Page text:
We’ve all heard the slogan: “A diamond is forever.” But who really made that decision? What exactly is a diamond and why is it worth so much?
The word diamond is derived from the ancient Greek word adamas, meaning unbreakable. Diamonds are formed 100 miles deep in the Earth’s mantle where carbon is subjected to extremes in pressure and heat. As they harden, they are pushed to the surface by volcanic eruptions. These volcanos push rocks to the Earth’s surface from a depth of 100 miles. As diamonds move toward the surface, they begin to cool, becoming embedded in other types of rocks that are also cooling and moving toward the surface. Most diamonds are formed this way.
A small percentage of diamonds did not originate on the Earth. One type, called carbonado, is purported by scientists to have originated in asteroids that hit the Earth in South America and Africa three billion years ago. Similar stones have been found at the sites of more recent meteorite strikes. The Popigai Asteroid Crater in Russia contains trillions of carats of microdiamonds.
Scientists also claim that the cores of white dwarf stars are made of highly crystalized carbon and oxygen, the same materials of which diamonds are made. In fact, in the constellation of Centaurus, the white dwarf, BPM37093, has a diamond core 2500 miles wide. It has been nicknamed Lucy, after the Beatles song Lucy in the Sky with Diamonds. Though it’s fifty light years away, diamond cutters are already trying to decide how to carve it up.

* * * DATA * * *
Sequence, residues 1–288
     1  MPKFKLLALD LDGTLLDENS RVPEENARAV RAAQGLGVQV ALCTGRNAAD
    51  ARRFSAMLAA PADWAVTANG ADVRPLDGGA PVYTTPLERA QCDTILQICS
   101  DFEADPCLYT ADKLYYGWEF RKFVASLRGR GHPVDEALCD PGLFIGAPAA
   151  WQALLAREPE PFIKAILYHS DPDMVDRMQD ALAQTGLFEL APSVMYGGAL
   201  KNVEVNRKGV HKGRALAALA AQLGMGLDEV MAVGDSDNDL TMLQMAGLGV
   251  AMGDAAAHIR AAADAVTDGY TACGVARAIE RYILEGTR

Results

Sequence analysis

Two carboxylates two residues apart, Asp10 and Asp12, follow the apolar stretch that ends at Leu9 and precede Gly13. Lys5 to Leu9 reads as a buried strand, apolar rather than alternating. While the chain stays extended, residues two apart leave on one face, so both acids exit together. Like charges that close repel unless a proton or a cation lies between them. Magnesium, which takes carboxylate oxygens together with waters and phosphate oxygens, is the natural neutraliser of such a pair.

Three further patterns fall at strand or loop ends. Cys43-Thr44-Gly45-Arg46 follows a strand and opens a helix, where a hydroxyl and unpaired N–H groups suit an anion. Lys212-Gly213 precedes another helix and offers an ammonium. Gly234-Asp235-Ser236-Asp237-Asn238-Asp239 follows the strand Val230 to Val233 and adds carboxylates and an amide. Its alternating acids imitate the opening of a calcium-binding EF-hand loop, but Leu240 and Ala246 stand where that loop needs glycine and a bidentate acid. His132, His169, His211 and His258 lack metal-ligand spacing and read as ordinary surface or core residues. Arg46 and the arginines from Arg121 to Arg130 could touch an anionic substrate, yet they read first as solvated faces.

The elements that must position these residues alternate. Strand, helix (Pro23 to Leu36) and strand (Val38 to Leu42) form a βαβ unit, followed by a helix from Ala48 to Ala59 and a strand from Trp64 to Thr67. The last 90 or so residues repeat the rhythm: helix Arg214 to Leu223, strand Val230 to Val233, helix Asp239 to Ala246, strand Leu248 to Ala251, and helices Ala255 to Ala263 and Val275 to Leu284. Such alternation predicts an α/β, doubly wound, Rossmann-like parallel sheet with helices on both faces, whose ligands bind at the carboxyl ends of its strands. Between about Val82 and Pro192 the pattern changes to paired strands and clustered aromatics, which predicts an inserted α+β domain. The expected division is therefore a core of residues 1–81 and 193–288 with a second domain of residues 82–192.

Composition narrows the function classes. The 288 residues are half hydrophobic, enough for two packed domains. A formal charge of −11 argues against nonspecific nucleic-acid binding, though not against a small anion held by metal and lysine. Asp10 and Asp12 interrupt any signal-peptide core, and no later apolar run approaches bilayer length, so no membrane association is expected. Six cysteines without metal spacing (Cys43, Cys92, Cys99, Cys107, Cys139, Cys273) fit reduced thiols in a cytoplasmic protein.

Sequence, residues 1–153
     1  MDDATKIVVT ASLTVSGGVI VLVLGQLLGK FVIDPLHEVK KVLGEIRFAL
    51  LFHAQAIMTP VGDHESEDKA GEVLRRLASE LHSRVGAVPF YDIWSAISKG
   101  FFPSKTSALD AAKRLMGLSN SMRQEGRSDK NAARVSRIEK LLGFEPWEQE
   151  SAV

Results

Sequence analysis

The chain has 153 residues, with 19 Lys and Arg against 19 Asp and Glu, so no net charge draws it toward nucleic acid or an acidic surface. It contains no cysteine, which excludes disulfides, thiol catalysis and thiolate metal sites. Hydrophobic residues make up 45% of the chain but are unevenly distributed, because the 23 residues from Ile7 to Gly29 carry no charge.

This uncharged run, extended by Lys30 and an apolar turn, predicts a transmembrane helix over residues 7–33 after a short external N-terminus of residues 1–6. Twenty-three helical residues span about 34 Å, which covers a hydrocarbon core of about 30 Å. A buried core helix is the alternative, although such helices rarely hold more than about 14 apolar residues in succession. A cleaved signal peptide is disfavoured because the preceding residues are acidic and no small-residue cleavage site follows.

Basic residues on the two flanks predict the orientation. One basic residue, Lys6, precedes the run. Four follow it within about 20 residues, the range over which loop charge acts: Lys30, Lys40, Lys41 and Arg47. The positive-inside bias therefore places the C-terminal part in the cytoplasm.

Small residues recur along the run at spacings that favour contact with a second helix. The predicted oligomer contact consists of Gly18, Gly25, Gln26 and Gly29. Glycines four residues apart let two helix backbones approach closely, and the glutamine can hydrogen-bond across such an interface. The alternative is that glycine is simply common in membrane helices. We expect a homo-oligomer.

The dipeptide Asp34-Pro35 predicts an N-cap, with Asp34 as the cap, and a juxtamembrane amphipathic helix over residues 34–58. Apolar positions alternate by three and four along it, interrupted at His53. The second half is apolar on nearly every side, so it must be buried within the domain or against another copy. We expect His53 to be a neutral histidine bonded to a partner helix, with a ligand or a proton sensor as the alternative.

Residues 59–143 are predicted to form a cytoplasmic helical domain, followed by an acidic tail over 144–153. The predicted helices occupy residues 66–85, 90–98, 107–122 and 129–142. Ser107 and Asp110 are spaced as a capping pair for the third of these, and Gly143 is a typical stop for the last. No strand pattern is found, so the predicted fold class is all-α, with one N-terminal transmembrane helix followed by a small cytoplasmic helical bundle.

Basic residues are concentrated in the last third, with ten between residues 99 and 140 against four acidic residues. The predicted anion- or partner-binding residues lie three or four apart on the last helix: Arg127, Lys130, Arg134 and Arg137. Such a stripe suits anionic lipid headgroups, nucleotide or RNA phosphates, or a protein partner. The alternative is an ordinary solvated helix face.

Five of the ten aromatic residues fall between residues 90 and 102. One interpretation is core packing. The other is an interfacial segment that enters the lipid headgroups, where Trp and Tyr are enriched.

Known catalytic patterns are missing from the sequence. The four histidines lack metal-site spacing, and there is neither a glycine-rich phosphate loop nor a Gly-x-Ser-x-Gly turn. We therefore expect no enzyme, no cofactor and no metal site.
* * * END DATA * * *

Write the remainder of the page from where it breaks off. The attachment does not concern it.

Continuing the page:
A diamond is the hardest substance in the world. About 50% of diamond production today is used for industrial cutting applications. Industrial diamonds are utilized for cutting, engraving, and polishing other materials, especially very hard metal compositions and other diamonds. Being comprised of carbon and oxygen, diamonds are also one of the most efficient thermal conductive materials in existence.
Diamonds, first mined in India, have been used for cutting and engraving since the early days of human civilization. They were first set in religious idols over 3000 years ago. It wasn’t until the late 19th Century that the market for diamonds began to flourish. Before 1870, it was very rare for anyone other than royalty or the very wealthy to own a diamond. Even then, diamonds were used mostly for ornaments in crowns or necklaces. In 1870, a huge deposit of diamonds was found in South Africa, creating a supply which led to the development of worldwide demand for inexpensive stones. As more and more diamonds flooded the market, prices continued to drop. Diamond suppliers were undercutting their own market. To keep the market from completely collapsing, one mine owner, Cecil Rhodes, started buying up his competitors; thereby gaining control of supply and pricing. One of the companies Rhodes acquired was the DeBeers Brothers mine.
Rhodes stopped at nothing to build a worldwide diamond monopoly. Those who rebuffed his buyout requests or refused to sell all their production to him were massively pressured, punished, or ostracized until they gave in. By 1888, Rhodes was in control of the entire South African mining industry and, as a result, the world’s supply of diamonds. Rhodes wielded so much influence in the region that the country of Rhodesia, known today as Zimbabwe, was originally named after him.
In 1902, the same year Rhodes died, an enormous mine was discovered that contained more diamonds than all of Rhodes’ mines combined. The mine’s owner, Ernest Oppenheimer, decided it would be much healthier for the diamond industry if he collaborated with Rhodes’ group, by then known as DeBeers. In 1917, Oppenheimer founded the Anglo American Corporation of South Africa, and, by 1927, he had finessed himself into the leadership of DeBeers, while continuing to run the Anglo American group. He kept DeBeers as the company name. By directing both companies and the market, Oppenheimer, through DeBeers and Anglo American, controlled total global supply and prices. In 2012, Anglo American acquired 85% ownership in DeBeers.